This is the second post in a two part series on a Wiki created by the Colin Powell Center’s Partners for Change fellows to explore themes around the idea of “service”.
During our discussions of “service” in the Partners for Change seminar another emergent theme was “permanence.” Questions and assertions of service projects’ longevity and sustainability were tossed around while trying to define what makes a project effective. In other words, how do we know if service is making an impact? There were several conflicting views on permanence as it relates to service, but all the fellows’ voices were heard. At the end of the unit, and perhaps after some important time for reflection, the fellows produced a collaborative voice in their “Service Wiki.” The following is an excerpt on “permanence.”
An excerpt from “Permanence” (Partners for Change Fellows, 4/5/2012)
Permanence is a common target for critics of service work. Skeptics of volunteer work criticize the fact that most people involved in service do not stay long term in one organization or area of work, which is then characterized as lacking true good intention. Permanence is a fair object of skepticism, however, only when directed towards institutions or programs. If a particular service cannot be continuously provided, then the recipients of the service should be given basic resources to supply and assimilate the service into their everyday life, which allows the service to become less of a service and more of an everyday activity.
For example, instead of bringing canteens of water to those in deserts, build wells. In Joseph Kahne and Joel Westheimer’s “In the Service of What? The Politics of Service Learning,” two types of service modules are described. One included service work that was only temporary and the second involved a deep understanding of the multiple contributors of the targeted issue in conjunction to the service work. The first example of service was identified as “charity” and the latter as “change.” The “change” module involved social reconstruction and a transformative experience, potentially being able to create more permanence within the service work even after the removal of volunteers. Service work is about bringing change to one’s misfortunes and that is not possible simply through personal contributions, but instead through the implementation of sturdy resources.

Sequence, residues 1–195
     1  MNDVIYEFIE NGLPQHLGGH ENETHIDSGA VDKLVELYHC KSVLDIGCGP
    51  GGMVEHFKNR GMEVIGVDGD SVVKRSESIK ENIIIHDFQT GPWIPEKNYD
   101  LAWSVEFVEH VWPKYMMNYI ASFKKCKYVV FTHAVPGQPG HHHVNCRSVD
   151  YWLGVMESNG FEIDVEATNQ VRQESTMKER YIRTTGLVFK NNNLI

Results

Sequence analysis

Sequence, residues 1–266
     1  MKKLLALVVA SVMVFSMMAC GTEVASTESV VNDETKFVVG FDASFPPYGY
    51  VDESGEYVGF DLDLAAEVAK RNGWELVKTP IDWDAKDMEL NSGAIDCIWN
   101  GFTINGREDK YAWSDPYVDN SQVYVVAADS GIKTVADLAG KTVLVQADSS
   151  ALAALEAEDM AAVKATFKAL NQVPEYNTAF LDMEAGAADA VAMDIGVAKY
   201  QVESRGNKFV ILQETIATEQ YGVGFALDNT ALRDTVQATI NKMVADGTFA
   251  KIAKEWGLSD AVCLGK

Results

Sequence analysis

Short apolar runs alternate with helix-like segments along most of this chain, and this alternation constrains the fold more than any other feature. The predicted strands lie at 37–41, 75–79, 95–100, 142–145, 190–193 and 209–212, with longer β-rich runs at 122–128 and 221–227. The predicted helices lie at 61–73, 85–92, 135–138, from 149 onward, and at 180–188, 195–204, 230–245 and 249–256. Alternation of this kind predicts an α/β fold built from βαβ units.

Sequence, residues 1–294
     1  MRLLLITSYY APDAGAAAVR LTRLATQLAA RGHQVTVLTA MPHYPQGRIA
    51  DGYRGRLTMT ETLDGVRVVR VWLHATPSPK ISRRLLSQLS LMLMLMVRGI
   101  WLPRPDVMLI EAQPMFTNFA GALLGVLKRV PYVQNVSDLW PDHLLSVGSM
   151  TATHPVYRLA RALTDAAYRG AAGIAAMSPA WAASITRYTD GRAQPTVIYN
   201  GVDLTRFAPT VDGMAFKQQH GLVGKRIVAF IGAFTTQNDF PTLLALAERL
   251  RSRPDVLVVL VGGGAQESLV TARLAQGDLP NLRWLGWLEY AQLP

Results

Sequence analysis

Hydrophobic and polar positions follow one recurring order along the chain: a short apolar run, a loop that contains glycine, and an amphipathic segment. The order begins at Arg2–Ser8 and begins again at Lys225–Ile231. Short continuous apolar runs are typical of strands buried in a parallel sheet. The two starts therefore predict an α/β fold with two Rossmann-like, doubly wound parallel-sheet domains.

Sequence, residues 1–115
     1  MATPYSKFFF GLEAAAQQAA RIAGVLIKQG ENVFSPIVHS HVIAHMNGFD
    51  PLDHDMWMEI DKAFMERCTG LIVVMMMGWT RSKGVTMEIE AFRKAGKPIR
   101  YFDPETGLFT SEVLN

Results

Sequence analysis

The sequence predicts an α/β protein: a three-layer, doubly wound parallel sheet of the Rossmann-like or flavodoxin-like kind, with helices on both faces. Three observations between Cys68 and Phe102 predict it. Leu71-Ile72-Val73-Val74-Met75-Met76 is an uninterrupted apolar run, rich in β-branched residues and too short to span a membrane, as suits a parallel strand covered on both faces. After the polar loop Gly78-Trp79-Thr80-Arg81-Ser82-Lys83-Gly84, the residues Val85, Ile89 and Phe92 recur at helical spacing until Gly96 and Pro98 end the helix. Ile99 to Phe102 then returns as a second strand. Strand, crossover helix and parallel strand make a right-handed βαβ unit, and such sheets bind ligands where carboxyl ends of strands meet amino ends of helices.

I believe the fellows initially felt so compelled to argue one way or the other on this issue of permanence because they were personally invested in their own service, while also knowing that it would soon end. Other fellows had additionally participated in short service trips in which they felt, though short-lived, their efforts were well received and made an impact. So, we were left with the tough question of whether or not service has to be permanent in order to be effective.
I really liked the closure the fellows brought to the “permanence” section of the Wiki by referring to Kahne and Westheimer’s discussion of the goals of service viewed through the conceptual lens of “change.” When I think about service as contributing to social reconstruction, it allows individuals to be change agents in a complex social issue whether or not their presence is permanent.
For both the fellows and myself, it seemed to make the issue of permanence a bit less intimidating and a bit more optimistic. In many ways, we should be hoping these projects actually are impermanent, which would indicate that the “social reconstruction” is progressing even after the “removal of volunteers.” Instead of attempting to settle on an answer to the issue of permanence in service projects, the fellows found a conceptual angle through which to look at and think about their service work.
I’m interested to hear if this is a theme that others have grappled with in either thinking about service or their own personal experiences with service? Do you believe there is a certain amount of time a service project must be in place in order to be effective? If so, what is that time frame and why? – Sophie Gray
Sophie Gray is coordinator of the Center’s Partners for Change program. Read about her and our other contributors.